2 months ago

What is the best way to study for the SAT?

Hi, so I'm taking the June SAT but I don't know what would be the best way to study. I already took the SAT in Dec but I didn't get a good score because I was super sick that day and it was more of just a trial run to see what it's like. But now should I just self study with Khan Academy or should I join an academy that tutors for the SAT? I don't know if the academy would be worth it so I wanted to know from other people.


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3 answers

Accepted Answer
21 days ago

I scored 1520, and the resource I found most helpful was Khan Academy's Digital SAT Prep. The course is free, intuitive, and organized by question difficulty. For me, the English section has given me the most problems in the past, particularly on my PSAT, where I scored 700 in reading and 760 in math. My SAT study plan only took about a week, albeit I already had some experience with the digital SAT-type questions. I only focused on the advanced tier questions to mimic test conditions even if, in hindsight, they were a bit more challenging than the actual test. I started with 1 hour of studying five days before the test (taking a unit test in both English and Math) and gradually worked up to 3 - 5 hours of studying the day before (aiming for at least 26/30 on the respective unit tests). This wasn't ideal, so you can spend as much time as you need with each section scaled up to your timeframe before the test. Based on past scores, I recommend studying 3/5 in math and 2/5 in English (this is very adjustable). Particularly for English, I recommend studying standard English conventions, independent/dependent clauses, and sentence boundaries. Complete as many 30-question unit tests as possible and set a timer to mimic test conditions. I hate taking practice tests, and I found the instant feedback (knowing the correct answer after every question) of the unit tests to help me analyze and fix my mistakes quickly and easily. By the time I exhausted Khan Academy's resources, I was scoring in the 1500s on practice tests and didn't feel any further prep was necessary. However, each person has preferences for study strategies, so I recommend trying a few free preps and taking some practice tests to see what best fits your style.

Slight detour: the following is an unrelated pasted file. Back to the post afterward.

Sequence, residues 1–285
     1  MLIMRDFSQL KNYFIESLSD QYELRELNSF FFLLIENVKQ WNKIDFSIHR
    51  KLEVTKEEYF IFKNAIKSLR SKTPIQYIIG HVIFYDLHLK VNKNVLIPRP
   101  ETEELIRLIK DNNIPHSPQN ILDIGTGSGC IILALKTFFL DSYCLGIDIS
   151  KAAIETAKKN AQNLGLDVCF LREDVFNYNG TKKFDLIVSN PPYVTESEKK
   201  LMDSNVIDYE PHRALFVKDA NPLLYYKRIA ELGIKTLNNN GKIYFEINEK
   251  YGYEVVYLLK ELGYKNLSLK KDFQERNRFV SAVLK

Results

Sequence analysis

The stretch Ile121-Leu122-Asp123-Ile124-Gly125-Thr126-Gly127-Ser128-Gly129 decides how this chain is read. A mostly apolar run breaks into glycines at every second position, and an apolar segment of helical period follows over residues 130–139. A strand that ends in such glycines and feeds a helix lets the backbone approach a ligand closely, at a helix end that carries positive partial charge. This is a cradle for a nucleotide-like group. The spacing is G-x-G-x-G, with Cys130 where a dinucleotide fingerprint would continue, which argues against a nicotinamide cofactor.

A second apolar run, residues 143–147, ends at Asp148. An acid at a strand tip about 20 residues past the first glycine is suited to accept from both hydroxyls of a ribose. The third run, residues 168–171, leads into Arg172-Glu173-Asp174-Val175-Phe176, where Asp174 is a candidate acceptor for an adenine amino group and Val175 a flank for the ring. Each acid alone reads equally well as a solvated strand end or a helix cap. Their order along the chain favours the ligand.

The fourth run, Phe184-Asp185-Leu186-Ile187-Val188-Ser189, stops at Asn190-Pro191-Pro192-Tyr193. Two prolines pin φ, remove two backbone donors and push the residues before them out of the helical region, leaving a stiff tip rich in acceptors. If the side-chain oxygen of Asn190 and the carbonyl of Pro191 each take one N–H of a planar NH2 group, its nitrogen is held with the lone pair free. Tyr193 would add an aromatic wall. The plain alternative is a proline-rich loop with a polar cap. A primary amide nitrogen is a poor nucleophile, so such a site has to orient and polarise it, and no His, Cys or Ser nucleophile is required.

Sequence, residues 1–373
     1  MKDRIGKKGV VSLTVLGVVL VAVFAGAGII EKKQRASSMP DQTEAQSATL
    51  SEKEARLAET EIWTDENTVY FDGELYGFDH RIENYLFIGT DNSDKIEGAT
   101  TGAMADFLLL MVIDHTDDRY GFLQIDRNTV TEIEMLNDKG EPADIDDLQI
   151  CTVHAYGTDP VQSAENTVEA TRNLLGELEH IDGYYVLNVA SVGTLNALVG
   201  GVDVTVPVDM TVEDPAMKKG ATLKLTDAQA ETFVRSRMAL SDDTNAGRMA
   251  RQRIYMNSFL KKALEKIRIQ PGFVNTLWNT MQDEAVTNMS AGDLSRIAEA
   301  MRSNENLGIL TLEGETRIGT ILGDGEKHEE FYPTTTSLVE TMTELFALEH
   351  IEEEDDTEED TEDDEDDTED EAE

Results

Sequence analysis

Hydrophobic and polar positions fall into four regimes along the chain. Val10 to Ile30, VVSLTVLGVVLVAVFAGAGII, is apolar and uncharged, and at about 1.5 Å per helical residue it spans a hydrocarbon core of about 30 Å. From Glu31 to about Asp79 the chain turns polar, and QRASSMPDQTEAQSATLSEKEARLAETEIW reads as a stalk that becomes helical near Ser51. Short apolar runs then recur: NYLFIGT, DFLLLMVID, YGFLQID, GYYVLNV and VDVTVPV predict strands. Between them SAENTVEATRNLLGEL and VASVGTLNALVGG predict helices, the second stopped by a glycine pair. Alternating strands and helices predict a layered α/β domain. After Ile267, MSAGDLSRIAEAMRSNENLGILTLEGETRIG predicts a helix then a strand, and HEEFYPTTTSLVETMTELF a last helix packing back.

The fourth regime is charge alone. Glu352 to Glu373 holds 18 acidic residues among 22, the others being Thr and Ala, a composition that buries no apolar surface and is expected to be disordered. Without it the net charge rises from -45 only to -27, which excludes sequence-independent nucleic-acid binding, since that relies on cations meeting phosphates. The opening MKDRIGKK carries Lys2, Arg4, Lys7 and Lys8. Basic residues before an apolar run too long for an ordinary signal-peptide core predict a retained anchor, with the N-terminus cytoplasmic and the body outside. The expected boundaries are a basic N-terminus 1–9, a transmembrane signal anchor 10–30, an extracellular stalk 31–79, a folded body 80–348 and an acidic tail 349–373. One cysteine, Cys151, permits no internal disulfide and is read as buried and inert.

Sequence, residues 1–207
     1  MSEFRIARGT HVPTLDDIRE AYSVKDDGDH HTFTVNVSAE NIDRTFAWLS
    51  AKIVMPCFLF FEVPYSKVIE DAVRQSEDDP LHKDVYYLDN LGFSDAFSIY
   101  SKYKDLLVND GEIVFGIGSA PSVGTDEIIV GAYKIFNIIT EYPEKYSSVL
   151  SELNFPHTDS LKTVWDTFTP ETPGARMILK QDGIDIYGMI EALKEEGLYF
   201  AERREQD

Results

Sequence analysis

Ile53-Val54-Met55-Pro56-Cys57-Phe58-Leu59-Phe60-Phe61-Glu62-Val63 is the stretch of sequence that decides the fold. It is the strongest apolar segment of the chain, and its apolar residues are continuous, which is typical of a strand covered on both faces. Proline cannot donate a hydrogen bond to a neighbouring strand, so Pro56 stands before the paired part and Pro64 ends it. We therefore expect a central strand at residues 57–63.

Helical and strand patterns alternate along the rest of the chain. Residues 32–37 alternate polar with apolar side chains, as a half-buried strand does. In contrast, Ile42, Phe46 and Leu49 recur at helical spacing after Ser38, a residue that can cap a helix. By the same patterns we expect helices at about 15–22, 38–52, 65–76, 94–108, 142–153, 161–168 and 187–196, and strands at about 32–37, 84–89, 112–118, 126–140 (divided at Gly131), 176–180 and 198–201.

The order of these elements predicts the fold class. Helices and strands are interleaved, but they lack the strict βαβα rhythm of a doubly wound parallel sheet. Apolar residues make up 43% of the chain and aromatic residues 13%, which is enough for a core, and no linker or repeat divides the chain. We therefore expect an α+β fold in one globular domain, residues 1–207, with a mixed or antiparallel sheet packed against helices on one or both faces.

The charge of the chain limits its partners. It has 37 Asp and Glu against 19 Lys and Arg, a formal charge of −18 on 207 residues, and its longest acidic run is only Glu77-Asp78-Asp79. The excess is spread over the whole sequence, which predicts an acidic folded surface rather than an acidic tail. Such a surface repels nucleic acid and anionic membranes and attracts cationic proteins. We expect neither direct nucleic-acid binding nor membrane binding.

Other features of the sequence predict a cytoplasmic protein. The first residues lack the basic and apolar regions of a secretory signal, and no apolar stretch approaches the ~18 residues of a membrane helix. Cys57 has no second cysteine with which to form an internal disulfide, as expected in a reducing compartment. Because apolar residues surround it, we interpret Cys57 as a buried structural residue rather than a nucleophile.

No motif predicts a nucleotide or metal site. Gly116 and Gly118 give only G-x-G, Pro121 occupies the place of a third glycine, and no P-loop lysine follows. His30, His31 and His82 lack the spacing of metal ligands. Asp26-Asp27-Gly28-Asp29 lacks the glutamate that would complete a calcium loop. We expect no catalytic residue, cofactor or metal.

Good Luck,


2 months ago

Hi @croissant!

I personally have self-studied. If you do well in school, it is a good idea to give self studying a shot! Khan is good, but I discovered Strategic Prep Test has 2 excellent digital workbooks (as well as an app called Preptly) with tons of practice questions, which is what I personally needed. They give you strategies, and then you practice them. STP is offering their English workbook for FREE rn if you sign up for their email list and the math is $25- totally worth much more. STP has a Youtube channel with helpful videos as well.

A few weeks ago, I wrote a post here: collegevine.com/c/junior/50784/first-usa-dsat-upcoming-plus-incredible-free-study-resources-i-love

These are my study tips and fave resources. Hope it helps you and lmk if you have any questions!

2 months ago[edited]

What's been working for me is definitely using Khan Academy, it helps identify your strengths/weaknesses, and gives you practice questions with quizzes/tests along the way to help you out. It does get to a point though where you might exhaust that resource, but I also recommend taking LOTS of practice exams through Bluebook as you study (I do them every week/week and a half after I've completed some units just to check up on my progress) and especially looking over your mistakes and reoccurring patterns.

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Unweighted GPA: 3.7
SAT: 720 math
| 800 verbal


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